Bizarre or trending subjects, catch a break with our curiosity of the week. By playing with collages and mirrors, Danish photographer Henriette Sabroe Ebbesen brings science and art together to deconstruct the ideals of beauty.

As a visual artist and medical student, Henriette Sabroe Ebbesen, 26, uses science to distort reality. Fascinated by the laws of physics and mathematical structures, she draws on this knowledge to shed light on the surrealism of our daily lives. “According to the general theory of relativity you actually can bend space and time. This is what I try to illustrate in my works by literally bending light rays with mirrors”, she tells us.

Deformed bodies, absurd collages, deconstructed silhouettes… The artist’s images question the relation between photography and reality. “Photography can do something that a painting cannot, she adds. I like to experiment with distortion precisely because distortions could give me this interesting painterly effect.” A collection of strange pictures created instinctively, unconsciously – in opposition to the logical and concrete thinking favored by science.

An unconventional beauty

It is this ambiguity that fascinates Henriette Sabroe Ebbesen, this fight between reason and creative madness, reality and fantasy. An in-between that allows her to develop, alongside her unique aesthetic, deeper themes. “I’ve produced a series which talks about the alienation of the female body and female sexual identity, which has often been distorted and alienated by society. Cosmetic surgery and genetic manipulation almost made anything possible in the strive of fulfilling expectations of beauty and perfectness. Using mirrors to manipulate the body in this series serves to illustrate how we slowly move away from reality”, she explains. A parallel world showing misshapen yet amusing and liberated bodies.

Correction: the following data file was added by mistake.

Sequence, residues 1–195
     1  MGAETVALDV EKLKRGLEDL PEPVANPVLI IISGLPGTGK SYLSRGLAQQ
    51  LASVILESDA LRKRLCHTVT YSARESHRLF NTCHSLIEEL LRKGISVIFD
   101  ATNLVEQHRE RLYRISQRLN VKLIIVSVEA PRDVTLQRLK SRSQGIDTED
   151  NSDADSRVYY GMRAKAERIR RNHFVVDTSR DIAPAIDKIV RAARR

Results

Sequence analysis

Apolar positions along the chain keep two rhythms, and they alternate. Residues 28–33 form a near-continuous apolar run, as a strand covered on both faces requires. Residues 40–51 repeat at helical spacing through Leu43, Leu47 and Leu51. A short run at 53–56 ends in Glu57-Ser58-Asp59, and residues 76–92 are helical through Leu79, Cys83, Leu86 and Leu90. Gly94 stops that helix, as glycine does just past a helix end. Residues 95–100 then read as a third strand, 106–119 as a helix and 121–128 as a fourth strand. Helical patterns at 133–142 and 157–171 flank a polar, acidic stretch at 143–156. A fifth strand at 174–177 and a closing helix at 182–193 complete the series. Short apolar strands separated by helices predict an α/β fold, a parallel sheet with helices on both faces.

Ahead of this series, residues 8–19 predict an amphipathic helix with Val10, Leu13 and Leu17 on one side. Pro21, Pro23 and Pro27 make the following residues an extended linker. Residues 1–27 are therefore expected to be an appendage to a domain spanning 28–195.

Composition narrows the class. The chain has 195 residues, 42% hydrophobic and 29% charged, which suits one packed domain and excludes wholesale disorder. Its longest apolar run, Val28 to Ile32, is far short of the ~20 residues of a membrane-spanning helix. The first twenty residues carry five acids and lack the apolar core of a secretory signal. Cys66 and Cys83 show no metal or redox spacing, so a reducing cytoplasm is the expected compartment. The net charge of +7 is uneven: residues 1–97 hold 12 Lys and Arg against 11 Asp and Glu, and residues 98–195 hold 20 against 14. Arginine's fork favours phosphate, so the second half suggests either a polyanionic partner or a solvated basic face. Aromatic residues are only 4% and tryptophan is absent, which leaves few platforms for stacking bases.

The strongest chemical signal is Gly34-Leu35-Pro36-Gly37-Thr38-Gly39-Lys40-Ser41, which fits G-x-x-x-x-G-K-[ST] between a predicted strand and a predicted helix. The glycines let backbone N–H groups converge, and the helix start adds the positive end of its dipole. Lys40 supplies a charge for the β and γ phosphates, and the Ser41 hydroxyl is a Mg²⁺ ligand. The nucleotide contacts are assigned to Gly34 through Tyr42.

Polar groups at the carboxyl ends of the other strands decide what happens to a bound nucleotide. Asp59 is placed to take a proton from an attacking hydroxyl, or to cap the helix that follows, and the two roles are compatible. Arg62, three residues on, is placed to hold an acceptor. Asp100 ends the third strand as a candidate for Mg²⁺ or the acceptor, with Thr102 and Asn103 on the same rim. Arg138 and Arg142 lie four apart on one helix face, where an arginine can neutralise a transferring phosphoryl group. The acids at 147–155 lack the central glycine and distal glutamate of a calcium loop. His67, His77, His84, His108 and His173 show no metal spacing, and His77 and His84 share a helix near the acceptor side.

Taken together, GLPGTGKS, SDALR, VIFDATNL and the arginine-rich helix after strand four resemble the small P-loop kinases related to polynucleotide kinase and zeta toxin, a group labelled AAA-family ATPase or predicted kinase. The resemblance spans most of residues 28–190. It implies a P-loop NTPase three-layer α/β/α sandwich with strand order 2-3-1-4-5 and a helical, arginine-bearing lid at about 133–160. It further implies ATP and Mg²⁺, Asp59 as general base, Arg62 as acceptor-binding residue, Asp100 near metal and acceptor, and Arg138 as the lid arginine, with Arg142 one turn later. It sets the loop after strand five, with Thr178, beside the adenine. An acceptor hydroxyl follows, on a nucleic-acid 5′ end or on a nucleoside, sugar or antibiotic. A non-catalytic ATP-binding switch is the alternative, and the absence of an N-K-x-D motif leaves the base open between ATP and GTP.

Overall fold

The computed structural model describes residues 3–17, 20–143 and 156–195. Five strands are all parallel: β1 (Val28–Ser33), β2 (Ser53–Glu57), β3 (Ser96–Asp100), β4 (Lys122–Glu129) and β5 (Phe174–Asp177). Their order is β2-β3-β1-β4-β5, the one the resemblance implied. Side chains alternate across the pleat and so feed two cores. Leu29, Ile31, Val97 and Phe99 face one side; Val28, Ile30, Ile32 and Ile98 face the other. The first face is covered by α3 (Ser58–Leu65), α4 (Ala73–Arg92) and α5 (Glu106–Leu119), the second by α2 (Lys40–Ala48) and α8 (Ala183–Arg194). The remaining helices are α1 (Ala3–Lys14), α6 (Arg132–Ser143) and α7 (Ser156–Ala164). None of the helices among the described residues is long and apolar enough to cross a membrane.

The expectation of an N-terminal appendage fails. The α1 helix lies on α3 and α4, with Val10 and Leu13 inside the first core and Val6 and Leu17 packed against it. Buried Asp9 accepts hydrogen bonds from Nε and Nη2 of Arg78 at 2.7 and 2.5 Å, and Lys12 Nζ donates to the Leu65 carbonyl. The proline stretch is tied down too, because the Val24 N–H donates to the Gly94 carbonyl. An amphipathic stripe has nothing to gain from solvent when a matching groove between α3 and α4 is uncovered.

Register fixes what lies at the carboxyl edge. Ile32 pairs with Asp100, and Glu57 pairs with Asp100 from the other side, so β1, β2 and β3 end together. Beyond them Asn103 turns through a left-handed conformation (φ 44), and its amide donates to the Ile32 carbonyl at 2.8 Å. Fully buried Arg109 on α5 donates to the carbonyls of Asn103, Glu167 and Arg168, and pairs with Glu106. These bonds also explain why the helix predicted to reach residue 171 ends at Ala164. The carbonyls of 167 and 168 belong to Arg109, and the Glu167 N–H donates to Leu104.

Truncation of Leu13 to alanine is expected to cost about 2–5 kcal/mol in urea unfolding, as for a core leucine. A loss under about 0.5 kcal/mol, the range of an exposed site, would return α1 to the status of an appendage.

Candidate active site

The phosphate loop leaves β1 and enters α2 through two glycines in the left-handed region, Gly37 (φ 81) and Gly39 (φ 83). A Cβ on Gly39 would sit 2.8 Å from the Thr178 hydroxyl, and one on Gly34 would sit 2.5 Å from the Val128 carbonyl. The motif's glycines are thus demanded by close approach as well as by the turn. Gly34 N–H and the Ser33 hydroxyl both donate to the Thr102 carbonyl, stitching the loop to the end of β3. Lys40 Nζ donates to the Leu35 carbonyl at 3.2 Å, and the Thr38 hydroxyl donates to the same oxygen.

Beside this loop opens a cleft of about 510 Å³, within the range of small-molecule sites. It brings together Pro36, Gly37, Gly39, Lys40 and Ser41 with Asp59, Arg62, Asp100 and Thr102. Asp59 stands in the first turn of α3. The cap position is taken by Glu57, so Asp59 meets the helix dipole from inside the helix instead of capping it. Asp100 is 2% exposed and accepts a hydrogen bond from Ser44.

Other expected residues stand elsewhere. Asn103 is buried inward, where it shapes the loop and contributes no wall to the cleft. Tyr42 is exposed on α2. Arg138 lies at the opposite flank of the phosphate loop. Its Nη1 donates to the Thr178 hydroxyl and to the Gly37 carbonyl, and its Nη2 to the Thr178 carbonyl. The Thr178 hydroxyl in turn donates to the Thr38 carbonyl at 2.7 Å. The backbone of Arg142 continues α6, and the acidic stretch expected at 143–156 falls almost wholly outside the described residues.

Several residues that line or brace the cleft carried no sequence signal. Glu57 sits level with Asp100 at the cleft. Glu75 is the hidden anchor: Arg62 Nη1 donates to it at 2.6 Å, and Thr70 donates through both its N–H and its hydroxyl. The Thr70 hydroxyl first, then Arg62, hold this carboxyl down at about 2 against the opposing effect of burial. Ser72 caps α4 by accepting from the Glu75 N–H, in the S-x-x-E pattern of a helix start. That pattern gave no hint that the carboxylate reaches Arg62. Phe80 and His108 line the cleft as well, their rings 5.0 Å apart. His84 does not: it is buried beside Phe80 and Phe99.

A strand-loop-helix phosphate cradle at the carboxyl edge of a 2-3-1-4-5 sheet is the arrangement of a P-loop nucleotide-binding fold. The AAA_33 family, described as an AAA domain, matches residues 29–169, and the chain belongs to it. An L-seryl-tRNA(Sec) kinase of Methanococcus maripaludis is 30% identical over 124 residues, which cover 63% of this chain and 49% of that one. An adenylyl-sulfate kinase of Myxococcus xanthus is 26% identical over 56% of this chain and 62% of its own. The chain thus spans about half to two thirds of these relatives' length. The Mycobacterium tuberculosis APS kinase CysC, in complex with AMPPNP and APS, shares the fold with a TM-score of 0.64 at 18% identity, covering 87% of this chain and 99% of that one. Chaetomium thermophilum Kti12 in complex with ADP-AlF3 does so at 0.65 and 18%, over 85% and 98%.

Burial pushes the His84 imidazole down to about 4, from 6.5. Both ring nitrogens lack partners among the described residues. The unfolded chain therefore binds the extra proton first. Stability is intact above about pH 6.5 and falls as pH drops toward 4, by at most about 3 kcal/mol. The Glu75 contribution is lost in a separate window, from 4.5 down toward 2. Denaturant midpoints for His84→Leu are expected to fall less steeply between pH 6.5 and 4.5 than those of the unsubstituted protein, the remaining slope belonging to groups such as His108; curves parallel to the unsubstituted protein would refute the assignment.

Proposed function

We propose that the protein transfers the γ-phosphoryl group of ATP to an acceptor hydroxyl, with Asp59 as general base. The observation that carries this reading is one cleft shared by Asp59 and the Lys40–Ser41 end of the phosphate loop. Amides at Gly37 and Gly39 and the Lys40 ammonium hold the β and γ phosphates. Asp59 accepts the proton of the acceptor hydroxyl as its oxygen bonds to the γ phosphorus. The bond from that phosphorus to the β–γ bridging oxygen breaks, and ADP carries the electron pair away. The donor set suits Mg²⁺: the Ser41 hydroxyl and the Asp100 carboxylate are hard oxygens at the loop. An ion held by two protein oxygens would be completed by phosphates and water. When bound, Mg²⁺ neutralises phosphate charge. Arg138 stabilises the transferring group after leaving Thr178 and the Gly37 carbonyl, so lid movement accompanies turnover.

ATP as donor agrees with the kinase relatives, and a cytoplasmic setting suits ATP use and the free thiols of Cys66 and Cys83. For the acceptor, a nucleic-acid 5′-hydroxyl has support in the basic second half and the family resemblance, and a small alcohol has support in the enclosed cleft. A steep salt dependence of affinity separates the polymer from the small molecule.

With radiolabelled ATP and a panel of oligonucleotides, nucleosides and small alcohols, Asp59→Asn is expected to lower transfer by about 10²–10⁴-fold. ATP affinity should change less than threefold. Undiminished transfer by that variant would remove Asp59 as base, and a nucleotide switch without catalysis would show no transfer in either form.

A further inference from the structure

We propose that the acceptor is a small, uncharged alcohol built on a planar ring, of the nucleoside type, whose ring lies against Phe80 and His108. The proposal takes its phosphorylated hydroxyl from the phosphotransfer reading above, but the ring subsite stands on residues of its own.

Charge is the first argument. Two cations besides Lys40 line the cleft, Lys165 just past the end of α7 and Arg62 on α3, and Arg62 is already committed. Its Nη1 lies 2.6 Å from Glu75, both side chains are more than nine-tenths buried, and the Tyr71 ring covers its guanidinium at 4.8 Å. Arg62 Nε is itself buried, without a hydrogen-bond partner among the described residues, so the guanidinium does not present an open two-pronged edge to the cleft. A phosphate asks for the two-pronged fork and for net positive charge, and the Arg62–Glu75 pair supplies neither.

There is no cheating in the photographer’s images. Each transformation is planned beforehand. “Photoshop is only used for color and light editing”, she says. An exhausting process in which she immerses herself without hesitation: “When creating my images, I lose all sense of time and basic needs. It’s magical, but physically and mentally very draining”. Meticulous, the positions of the mirrors against the bodies divide and bring together the models to form beings of unconventional beauty. “Creating the series also helped me confront my own body insecurities by creating images that would celebrate the female body for its capability of giving birth and creating a child starting from the division of just two cells”, she concludes.

© Henriette Sabroe Ebbesen